If I File Bankruptcy in Atlanta, Georgia, What can I Learn From Famous Historical Bankruptcies?

When you find yourself looking for debt relief in Atlanta, Georgia, it is important to have some perspective. As I tell my clients in my Atlanta, Georgia bankruptcy practice, bankruptcy will allow you to “turn over a new leaf.” In fact, many highly regarded people have declared bankruptcy and then gone on to make their lives even better. Here are just a few:

Walt Disney

Walt Disney’s name is synonymous with Mickey Mouse and the “happiest place on earth,” Disneyland. However, in 1921, he began a company called the Laugh-O-Gram Corporation in Kansas City, Missouri that was forced to file for bankruptcy two years later because his financial backers pulled out. It was then that Disney headed to Hollywood and became one of the highest paid animators in history.

Milton Snavely Hershey

Milton Hershey founded Hershey’s Foods Corporation in 1903 but the famous candy company was not his first business venture. His first four business attempts failed and forced him to file for bankruptcy. But, his fifth resulted in the major corporation that makes the candy we all know and love!

Abraham Lincoln

The 16th President of the United States, Abraham Lincoln, declared bankruptcy in 1833 and spent 17 years of his life paying off the money that he borrowed from friends to start his business. It took Lincoln 30 years to achieve his goal of becoming President of the United States.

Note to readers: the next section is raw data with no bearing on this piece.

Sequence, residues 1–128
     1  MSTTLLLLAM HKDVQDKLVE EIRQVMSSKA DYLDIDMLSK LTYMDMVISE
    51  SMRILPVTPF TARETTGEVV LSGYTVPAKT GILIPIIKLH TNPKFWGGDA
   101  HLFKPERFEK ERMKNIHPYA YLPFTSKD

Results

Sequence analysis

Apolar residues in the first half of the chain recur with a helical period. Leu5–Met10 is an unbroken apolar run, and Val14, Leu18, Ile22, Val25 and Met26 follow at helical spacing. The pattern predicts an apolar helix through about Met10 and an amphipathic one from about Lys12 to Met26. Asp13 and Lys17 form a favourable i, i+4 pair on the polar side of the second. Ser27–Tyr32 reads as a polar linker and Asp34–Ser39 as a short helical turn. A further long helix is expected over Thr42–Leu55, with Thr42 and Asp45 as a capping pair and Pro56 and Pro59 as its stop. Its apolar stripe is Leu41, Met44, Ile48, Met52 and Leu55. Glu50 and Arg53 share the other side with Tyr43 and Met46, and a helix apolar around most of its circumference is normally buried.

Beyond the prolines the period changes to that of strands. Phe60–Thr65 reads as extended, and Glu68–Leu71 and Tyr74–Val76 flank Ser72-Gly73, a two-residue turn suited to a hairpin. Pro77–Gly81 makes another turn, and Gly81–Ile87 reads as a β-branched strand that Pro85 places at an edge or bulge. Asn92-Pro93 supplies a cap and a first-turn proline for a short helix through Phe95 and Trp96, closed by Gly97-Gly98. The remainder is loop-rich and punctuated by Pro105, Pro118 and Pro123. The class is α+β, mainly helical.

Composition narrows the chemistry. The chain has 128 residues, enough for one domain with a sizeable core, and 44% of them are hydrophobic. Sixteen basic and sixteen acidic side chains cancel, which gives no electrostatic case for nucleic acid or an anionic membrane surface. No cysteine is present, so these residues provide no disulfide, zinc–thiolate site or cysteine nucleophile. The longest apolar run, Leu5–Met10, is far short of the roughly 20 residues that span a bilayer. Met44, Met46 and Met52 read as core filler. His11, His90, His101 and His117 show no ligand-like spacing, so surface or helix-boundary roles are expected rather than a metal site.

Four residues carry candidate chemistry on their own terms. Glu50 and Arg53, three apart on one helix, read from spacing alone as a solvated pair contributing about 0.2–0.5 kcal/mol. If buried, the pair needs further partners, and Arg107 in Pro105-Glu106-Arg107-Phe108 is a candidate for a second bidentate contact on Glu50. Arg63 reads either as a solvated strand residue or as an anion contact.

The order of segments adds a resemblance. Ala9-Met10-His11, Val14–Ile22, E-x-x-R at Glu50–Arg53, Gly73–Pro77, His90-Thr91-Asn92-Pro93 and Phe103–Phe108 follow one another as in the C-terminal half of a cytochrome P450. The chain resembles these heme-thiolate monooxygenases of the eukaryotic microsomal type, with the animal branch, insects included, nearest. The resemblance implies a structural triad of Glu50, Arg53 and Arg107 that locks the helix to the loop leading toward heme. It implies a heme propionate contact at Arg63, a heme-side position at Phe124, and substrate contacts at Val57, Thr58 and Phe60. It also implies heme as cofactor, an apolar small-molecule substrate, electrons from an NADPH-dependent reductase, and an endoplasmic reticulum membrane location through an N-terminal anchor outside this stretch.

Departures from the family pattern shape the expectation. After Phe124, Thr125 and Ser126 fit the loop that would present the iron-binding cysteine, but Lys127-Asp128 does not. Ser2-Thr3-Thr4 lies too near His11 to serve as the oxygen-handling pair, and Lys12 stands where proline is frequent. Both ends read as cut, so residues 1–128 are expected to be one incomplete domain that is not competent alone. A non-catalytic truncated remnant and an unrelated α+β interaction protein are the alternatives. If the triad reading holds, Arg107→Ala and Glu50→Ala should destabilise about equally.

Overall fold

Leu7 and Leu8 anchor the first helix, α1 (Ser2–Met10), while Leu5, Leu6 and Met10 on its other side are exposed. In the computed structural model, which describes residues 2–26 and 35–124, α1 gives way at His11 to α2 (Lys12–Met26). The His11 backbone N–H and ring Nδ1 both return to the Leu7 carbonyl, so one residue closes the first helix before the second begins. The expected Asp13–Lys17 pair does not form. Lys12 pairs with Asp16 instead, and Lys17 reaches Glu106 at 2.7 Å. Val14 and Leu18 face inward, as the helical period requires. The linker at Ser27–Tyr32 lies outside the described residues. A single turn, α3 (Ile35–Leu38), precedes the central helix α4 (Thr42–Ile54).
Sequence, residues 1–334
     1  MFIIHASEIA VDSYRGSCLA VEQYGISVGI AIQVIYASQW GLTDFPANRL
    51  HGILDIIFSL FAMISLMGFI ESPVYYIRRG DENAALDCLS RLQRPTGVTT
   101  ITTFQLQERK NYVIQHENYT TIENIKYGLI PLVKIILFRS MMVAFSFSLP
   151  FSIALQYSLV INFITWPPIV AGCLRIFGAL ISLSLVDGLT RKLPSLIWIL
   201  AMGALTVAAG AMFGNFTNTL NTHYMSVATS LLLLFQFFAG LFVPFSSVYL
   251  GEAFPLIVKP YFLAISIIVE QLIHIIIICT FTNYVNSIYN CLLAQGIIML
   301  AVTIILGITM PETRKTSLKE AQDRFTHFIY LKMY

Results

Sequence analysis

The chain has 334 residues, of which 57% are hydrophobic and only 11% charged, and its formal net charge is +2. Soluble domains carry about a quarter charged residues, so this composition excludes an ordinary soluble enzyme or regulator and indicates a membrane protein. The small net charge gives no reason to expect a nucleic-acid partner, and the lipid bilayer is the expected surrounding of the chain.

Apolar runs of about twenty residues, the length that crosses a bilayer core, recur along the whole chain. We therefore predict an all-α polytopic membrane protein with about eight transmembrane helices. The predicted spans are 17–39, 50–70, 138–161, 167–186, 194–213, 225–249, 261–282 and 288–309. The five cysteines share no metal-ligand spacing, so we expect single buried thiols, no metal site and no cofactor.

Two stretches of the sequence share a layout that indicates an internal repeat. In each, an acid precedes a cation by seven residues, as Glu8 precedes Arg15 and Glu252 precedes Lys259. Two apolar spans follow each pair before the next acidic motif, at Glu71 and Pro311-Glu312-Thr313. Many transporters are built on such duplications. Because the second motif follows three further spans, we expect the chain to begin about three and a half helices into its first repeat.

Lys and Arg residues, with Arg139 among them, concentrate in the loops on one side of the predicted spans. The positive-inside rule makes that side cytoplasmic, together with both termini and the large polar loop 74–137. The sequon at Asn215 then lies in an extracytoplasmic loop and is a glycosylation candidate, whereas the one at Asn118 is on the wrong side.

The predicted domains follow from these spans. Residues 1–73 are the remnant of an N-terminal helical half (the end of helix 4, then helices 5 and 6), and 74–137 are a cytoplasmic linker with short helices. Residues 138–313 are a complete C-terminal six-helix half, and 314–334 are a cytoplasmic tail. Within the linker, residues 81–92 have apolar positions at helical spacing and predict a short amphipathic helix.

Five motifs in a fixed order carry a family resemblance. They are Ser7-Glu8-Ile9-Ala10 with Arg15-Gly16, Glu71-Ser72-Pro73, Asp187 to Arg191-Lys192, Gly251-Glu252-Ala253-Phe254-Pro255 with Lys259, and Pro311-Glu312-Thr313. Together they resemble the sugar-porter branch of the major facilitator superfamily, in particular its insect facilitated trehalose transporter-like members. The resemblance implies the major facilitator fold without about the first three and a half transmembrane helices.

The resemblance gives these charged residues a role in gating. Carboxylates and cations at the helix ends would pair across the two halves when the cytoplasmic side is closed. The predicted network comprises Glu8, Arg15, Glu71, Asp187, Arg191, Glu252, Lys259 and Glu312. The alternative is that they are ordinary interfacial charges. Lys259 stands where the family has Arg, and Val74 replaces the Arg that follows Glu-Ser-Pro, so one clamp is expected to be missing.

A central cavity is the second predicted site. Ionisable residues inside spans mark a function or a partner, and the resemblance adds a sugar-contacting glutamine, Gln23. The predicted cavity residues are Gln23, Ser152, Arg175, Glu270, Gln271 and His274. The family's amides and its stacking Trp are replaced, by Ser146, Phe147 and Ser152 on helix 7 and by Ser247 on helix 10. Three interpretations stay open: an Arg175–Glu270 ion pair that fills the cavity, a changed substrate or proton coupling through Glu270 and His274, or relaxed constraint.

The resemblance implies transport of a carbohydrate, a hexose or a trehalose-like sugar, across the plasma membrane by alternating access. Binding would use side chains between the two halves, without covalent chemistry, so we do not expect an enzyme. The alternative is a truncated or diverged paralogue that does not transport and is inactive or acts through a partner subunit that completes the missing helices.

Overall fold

Mark Twain

The famous American author of “Adventures of Huckleberry Finn,” lost most of his money investing in a worthless machine called the Paige Compositor, an automatic typesetting machine. He filed for bankruptcy in 1894 and discharged all of his debts, but was determined to repay them. He knew he could earn money by giving lectures to large audiences, so he traveled to Europe and spent the next four years lecturing in every major city. He used the proceeds from these lectures to repay all his debts.

Henry John Heinz

Henry Heinz started his company in 1869 selling horseradish, pickles, sauerkraut and vinegar. In 1875, the company filed for bankruptcy because it could not meet its payroll obligations after an unexpected harvest. He immediately started a new company and introduced a new condiment, tomato ketchup, to the market.

Henry Ford

Henry Ford’s first two automobile manufacturing companies failed! The first company filed for bankruptcy and the second ended because of a disagreement with his business partner. In June of 1903, at the age of 40, he created a third company, the Ford Motor Company with a cash investment of $28,000.00. By July of 1903, the bank balance was only $223.65–until Ford sold its first car and the company became the automobile giant we know today.

P.T. Barnum

P.T. Barnum bought the American Museum in New York City in 1841 and turned it into an exhibition hall for the presentation of unusual acts. Retiring from show business in 1855, he served as mayor of Bridgeport, Conn. After filing bankruptcy, he was forced to reopen the American Museum, but instead organized his famous circus, “The Greatest Show on Earth,” which opened in Brooklyn in 1871. In 1881, he merged with competitor James Bailey, forming Barnum & Bailey’s Circus (which eventually became today’s Ringling Bros. and Barnum & Bailey Circus).

Despite bankruptcy, the people mentioned above are all highly regarded for what they have contributed to the world. They knew when it was time for a fresh start and their lives were better because of that. If you need a fresh start and are considering filing bankruptcy in Atlanta, Georgia, contact the Law Offices of Charles Clapp at 404.585.0040 to schedule a free initial consultation.